On the operating table, basic noninvasive blood pressure (NIBP) monitor, pulse-oximeter and electrocardiogram (ECG) monitor were attached to the patient. The vitals were a heart rate of 82 beats/min an NIBP of 112/78 mm of Hg. ECG showed a normal tracing. The patient was given sitting position with back straight and the head bent forward. After proper painting and draping, the IVSs in the lumbar region were palpated. The spaces were found to be narrow. Using all aseptic precautions a 25 gauge, spinal needle was introduced into IVS L 2 -L 3. The attempt at obtaining a free flow of cerebral spinal fluid (CSF) did not succeed as the needle was met with bone in all directions. Even after multiple attempts by senior anesthesiologists in other IVSs, the standard method of administration of spinal anesthesia proved to be unsuccessful. This was when the decision of trying the Taylor's approach [2] was made. Bilateral posterior superior iliac spines (PSIS) were palpated and marked. On the left side, a point 1 cm inferior and 1 cm medial to the PSIS was chosen as the point of insertion of the spinal needle. The needle was inserted in a cephalad and medial direction from the point of insertion, theoretically targeting the L 5 -S 1 interspace. The needle was advanced and on feeling of "loss of resistance," the stilette withdrawn. A free flow of clear CSF was obtained, and 1.5 ml of 0.5% heavy injection bupivacaine was injected intrathecally after positive aspiration of CSF into the syringe. The patient was made to sit for 5 min aiming for a saddle block, after which she was given lithotomy position for the surgery. The sensory and motor block was adequate; intraoperative and postoperative period was uneventful.

  Discussion Top

Technical difficulty and multiple attempts at central neuraxial blockade are associated with a higher risk of complications, including spinal hematoma. Therefore, patients need to be followed-up for signs and symptoms of a developing spinal hematoma during the early (24 h) and late (1-week) postoperative phases. [3]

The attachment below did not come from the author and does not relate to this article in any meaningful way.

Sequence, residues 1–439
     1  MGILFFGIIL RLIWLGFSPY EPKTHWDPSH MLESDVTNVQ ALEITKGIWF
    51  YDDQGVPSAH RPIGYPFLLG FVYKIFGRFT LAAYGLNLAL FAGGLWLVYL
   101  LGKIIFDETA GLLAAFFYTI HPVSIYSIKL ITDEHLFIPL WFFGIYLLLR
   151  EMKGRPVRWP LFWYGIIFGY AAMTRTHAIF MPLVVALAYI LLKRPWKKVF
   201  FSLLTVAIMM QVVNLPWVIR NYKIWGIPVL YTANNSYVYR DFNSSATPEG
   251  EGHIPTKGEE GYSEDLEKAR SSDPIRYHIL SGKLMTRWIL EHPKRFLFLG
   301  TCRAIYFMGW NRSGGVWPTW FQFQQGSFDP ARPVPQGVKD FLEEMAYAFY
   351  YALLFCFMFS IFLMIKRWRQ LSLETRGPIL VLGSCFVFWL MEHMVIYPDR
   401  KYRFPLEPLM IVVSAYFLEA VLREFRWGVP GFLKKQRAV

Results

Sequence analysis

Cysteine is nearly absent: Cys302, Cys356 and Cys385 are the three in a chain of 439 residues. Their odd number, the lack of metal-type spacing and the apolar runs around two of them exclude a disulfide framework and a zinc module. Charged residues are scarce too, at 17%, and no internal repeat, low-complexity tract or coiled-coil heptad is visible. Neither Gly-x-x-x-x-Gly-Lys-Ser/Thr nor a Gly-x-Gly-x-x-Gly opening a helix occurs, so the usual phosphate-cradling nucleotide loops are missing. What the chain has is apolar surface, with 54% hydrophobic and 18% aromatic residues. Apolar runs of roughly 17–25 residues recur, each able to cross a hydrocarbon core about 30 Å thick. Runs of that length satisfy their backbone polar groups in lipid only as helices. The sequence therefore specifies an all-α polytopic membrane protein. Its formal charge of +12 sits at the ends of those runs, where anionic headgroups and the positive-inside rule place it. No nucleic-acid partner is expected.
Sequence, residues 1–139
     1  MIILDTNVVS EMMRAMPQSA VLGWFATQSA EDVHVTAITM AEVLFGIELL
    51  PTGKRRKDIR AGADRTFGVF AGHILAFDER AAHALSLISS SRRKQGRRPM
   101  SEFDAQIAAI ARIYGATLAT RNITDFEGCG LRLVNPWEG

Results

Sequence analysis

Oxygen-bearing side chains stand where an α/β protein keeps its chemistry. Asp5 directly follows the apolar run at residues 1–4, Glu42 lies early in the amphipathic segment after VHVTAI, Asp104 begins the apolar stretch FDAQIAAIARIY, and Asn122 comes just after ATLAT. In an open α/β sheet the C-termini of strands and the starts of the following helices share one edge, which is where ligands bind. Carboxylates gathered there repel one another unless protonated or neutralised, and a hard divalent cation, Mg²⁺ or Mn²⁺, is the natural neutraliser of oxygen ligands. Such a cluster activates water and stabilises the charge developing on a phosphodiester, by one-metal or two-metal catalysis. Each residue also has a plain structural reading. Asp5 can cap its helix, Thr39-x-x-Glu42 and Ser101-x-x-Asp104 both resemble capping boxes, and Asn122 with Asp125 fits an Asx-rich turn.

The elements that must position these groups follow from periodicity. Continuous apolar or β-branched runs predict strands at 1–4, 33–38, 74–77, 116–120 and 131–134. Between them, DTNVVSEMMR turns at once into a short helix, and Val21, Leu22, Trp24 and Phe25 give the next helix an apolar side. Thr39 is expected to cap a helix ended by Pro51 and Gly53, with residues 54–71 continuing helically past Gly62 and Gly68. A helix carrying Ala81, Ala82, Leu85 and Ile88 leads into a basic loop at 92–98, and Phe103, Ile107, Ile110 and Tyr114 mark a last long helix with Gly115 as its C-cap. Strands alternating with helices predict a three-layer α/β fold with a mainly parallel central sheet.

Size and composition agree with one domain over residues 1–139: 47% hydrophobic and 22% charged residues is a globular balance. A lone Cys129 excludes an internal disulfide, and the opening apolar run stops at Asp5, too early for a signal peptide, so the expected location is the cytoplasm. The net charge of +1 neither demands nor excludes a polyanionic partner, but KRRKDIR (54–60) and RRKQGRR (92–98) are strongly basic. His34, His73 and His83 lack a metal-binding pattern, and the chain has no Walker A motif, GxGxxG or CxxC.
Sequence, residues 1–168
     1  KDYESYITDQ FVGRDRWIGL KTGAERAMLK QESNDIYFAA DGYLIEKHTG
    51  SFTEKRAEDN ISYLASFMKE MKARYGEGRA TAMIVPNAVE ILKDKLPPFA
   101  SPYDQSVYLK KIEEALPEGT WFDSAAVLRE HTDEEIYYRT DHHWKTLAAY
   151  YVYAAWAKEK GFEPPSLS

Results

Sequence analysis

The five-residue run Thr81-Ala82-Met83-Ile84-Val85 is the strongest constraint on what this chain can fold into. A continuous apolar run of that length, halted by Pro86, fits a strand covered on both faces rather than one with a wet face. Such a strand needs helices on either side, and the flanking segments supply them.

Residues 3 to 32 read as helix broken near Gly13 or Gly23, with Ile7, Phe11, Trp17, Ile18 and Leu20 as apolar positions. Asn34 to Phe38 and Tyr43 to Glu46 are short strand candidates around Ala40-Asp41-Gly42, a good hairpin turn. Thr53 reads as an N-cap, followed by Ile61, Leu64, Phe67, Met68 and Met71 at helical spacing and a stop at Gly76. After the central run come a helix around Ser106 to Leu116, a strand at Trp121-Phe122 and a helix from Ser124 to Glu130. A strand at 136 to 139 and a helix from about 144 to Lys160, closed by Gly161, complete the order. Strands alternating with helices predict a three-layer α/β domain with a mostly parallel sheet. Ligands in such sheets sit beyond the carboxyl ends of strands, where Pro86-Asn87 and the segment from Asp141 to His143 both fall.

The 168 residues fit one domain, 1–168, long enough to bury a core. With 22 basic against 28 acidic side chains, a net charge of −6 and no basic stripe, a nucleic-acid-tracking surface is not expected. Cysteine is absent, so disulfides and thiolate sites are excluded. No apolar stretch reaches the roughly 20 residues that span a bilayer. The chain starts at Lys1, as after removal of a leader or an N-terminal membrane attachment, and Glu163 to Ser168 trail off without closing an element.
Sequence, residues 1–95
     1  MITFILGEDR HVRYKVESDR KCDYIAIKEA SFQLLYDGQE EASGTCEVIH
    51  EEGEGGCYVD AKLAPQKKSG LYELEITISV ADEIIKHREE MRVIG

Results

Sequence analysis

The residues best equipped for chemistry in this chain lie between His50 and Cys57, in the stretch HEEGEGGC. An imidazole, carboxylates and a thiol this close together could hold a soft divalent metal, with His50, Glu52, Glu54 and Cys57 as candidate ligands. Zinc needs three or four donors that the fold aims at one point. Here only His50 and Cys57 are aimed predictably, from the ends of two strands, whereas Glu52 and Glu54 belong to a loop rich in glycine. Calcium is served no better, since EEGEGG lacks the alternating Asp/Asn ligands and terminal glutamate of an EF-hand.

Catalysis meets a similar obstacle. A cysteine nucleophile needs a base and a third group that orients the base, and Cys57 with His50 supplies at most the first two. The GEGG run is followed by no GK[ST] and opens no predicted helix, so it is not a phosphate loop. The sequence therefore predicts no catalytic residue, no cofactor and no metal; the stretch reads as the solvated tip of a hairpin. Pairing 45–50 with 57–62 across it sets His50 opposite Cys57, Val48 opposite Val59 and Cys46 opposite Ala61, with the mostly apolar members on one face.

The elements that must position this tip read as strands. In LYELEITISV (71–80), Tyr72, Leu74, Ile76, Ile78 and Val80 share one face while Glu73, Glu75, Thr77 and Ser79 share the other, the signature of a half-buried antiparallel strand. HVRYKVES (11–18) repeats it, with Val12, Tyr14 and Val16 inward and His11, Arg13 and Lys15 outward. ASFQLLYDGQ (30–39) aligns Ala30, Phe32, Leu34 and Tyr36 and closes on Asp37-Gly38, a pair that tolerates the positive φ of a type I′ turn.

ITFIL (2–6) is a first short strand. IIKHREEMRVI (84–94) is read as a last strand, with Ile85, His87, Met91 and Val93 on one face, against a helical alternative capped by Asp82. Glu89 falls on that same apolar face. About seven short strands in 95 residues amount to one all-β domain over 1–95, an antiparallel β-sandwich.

Caution has been advised against giving regional anesthesia as neurological anomalies caused by spinal anomalies may be attributed to it. [4] Problems may be encountered while giving central neuraxial blockade because of the difficulty in identifying the interspinous spaces due to lumbar hyperlordosis, reduced interpeduncular distance, osteophytes formations and malformed vertebrae. There may be spinal stenosis making it difficult to perform spinal anesthesia. [5] In our patient, repeatedly dry tap was obtained on attempting lumbar puncture. It has been advocated that single shot subarachnoid block should be avoided due to the unpredictability of spread [6] as the spinal cord may end at a lower level. [7]

The Taylor approach of spinal anesthesia is an alternative safe approach in elderly patients with severe scoliosis and kyphoscoliosis with a success rate of 100%. [8] Following unsuccessful standard midline spinal anesthesia approach we decided to attempt Taylor's approach, which is a modification of the paramedian approach for spinal anesthesia. It is carried out at L 5 -S 1 interspace, the largest interlaminar space of the vertebral column. Spinal needle is inserted in a cephalomedial direction through a skin wheal raised 1 cm medial and 1 cm caudal to the lowermost prominence of the PSIS. [2] Kumar and Mehta showed that spinal anesthesia by the lateral approach is a feasible and useful technique for lower limb surgery in ankylosing spondylitis patients. [9] Several textbook of anesthesia consider that any form of anesthesia, whether general or more particularly regional, is hazardous despite reports of successful use of caudal epidural anesthesia. [10] The excessive cephalad spread of the neural blockade during epidural or spinal anesthesia may result in high motor blockade, may affect innervations of the diaphragm and acute cardiovascular effects of sympathetic blockade. [9]